It can also be effective to create a little intro script for when you introduce yourself and explain your services. You can just recite it, without having to think too much and fall over your words.
- Poor body language
If you meet with prospects and clients face-to-face or on video calls, poor body language can signal nerves and self-confidence issues. A lack of eye contact, for example, can be off-putting for people in most situations whether business or social.
Fortunately, confident body language is a skill that can be developed, even when you need to fake it. In fact, faking confidence at first can actually inspire your mind to feel more confident, as can the knowledge that the fear is ultimately an illusion.
How to hide the anxiety: – Positive body language includes standing or sitting up straight, minimizing any fidgeting, slightly slowing your movements, keeping your chin up, gently smiling, and even subtly mirroring the other person’s gestures.
- Lack of confidence when negotiating
Fear of phone calls or nervousness during face-to-face meetings usually leads to a lack of confidence when it comes to negotiating. As a freelancer, there are frequently times when you’ll need to hammer out contracts, payment fees, and write project proposals. Anxiety – including money anxiety – can leave you exposed to choosing less than ideal options.
Some prospects and clients will, unfortunately, take advantage of an obviously anxious freelancer.
How to hide the anxiety: – Before each interaction with a prospect, write down your red lines when it comes to what you’ll accept. Then during a call or meeting, you can refer to these and simply say “no” if asked for something beyond that line.
Understand that you really can say “no”. You have the power to walk away.
- Quoting low rates
Anxiety and a lack of confidence lead many freelancers to charge less than they should, based on their skills, experience, and knowledge. When first starting out as a freelancer, it’s easy to assume clients will reject certain prices. Some will and others won’t.
Successful freelancers understand their worth and charge accordingly, even when faced with demands to reduce their rates. They work only with clients who respect their skills enough to pay what they deserve.
How to hide the anxiety: Set your rates and don’t back down. Refuse to doubt yourself and your prices mid-call. Check the industry-standard rates for your freelancing services and charge accordingly.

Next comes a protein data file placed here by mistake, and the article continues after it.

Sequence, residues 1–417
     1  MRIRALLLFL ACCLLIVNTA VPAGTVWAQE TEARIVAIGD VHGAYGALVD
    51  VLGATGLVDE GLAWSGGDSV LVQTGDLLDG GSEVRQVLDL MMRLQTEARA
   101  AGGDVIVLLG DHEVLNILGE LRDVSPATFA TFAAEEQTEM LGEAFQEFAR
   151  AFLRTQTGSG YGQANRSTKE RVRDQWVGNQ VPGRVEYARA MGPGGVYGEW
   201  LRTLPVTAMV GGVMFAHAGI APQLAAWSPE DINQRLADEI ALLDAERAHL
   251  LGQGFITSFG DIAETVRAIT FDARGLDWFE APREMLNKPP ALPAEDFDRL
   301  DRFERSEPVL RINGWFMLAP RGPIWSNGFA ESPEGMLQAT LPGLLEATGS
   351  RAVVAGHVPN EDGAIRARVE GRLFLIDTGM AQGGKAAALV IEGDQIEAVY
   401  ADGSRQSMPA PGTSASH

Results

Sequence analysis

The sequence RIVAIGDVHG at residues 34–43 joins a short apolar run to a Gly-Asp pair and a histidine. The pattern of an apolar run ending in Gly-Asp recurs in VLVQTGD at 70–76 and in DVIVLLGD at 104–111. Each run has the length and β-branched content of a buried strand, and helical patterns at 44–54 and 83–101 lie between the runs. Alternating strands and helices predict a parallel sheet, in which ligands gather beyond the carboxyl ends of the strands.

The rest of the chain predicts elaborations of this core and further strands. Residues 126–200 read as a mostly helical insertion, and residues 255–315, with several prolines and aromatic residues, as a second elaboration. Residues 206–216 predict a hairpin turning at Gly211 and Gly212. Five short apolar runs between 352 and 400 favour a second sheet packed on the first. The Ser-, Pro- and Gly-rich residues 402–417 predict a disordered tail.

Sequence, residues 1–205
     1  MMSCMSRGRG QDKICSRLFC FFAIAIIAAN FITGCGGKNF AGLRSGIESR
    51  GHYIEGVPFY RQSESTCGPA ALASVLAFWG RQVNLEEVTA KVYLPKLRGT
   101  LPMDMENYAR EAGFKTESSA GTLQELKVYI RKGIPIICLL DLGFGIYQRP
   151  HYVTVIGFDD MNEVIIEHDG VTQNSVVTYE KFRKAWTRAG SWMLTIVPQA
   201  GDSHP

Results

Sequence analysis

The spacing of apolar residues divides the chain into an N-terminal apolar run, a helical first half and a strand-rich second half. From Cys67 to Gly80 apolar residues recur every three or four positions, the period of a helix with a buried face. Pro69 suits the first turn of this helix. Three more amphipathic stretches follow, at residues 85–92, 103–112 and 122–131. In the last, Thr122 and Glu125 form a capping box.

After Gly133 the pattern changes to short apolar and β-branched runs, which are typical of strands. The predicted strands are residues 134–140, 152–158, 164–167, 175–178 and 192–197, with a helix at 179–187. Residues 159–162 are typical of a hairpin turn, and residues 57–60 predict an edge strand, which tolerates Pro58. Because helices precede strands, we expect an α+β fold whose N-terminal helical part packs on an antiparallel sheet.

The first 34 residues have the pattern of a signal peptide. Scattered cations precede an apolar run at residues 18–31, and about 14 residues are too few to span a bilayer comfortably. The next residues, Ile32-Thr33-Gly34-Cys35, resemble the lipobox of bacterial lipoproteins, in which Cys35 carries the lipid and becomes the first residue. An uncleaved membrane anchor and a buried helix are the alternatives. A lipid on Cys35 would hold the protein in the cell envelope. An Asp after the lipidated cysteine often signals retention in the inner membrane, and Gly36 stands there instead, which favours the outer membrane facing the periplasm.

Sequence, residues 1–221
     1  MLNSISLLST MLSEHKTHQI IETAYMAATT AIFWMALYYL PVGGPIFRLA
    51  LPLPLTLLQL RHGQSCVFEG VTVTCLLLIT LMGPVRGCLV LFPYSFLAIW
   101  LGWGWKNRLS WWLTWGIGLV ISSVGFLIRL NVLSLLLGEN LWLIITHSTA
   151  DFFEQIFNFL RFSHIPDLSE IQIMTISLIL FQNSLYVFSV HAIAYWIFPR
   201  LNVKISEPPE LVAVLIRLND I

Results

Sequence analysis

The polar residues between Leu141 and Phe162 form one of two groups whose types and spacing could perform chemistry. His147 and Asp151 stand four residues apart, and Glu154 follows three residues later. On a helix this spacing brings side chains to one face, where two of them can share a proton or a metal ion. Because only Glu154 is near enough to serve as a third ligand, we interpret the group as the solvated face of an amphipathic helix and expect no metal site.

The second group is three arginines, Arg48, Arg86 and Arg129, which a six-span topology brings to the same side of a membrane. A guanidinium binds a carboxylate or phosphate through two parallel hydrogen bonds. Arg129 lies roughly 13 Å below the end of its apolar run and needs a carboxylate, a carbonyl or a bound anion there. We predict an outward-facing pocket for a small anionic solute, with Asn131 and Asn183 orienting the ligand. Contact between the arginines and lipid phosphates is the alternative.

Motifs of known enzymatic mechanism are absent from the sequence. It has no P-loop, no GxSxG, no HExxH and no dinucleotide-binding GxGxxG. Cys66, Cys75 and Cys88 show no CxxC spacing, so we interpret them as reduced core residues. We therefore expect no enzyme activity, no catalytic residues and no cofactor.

- Poor invoicing procedures
Another perhaps surprising clue for clients as to a freelancer’s confidence levels are their invoicing habits. Poor invoicing procedures are sometimes a consequence of anxiety. A nervous freelancer might delay sending an invoice or deposit request for fear of charging too much or because of feeling bad about asking for money.
An overdue invoice can also lead to an anxious freelancer delaying late-payment reminders due to possible concern about nagging a prized client. Lengthy delays in sending invoices or reminders can make the freelancer look unprofessional and insecure.
How to hide the anxiety: Send invoices and related requests as soon as possible, as a matter of routine. Most clients will expect these to arrive promptly and are accustomed to dealing with such matters without emotion.
Growing your freelancing business despite the anxiety
Anxiety needn’t be a drawback when it comes to growing your freelancing career. You might still feel nervous but with a few simple strategies and habit changes, you can relatively quickly reduce your fears and hide obvious anxiety symptoms when the need arises.
It’s okay to be nervous.
Many of the most successful freelancers and entrepreneurs have a nervous disposition. It often goes with the territory of being a highly creative, intelligent, and talented individual.
The key is to channel this nervous energy into positive results for your clients instead of it being a block to working with great clients in the first place.